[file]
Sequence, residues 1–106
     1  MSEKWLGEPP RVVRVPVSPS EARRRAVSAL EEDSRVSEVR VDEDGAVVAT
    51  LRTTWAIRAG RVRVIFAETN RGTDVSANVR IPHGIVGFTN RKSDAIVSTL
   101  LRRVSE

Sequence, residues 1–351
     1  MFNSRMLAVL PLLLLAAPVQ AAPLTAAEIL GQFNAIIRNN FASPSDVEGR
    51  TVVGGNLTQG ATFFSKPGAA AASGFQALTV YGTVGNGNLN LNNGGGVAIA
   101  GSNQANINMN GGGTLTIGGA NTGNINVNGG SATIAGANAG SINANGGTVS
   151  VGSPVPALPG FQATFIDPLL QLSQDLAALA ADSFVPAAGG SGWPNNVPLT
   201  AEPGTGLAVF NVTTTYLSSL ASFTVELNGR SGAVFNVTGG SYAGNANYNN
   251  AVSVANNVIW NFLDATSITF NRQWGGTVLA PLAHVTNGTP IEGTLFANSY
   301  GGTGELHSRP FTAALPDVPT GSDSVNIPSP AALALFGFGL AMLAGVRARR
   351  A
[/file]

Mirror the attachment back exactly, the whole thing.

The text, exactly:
Sequence, residues 1–106
     1  MSEKWLGEPP RVVRVPVSPS EARRRAVSAL EEDSRVSEVR VDEDGAVVAT
    51  LRTTWAIRAG RVRVIFAETN RGTDVSANVR IPHGIVGFTN RKSDAIVSTL
   101  LRRVSE

Sequence, residues 1–351
     1  MFNSRMLAVL PLLLLAAPVQ AAPLTAAEIL GQFNAIIRNN FASPSDVEGR
    51  TVVGGNLTQG ATFFSKPGAA AASGFQALTV YGTVGNGNLN LNNGGGVAIA
   101  GSNQANINMN GGGTLTIGGA NTGNINVNGG SATIAGANAG SINANGGTVS
   151  VGSPVPALPG FQATFIDPLL QLSQDLAALA ADSFVPAAGG SGWPNNVPLT
   201  AEPGTGLAVF NVTTTYLSSL ASFTVELNGR SGAVFNVTGG SYAGNANYNN
   251  AVSVANNVIW NFLDATSITF NRQWGGTVLA PLAHVTNGTP IEGTLFANSY
   301  GGTGELHSRP FTAALPDVPT GSDSVNIPSP AALALFGFGL AMLAGVRARR
   351  A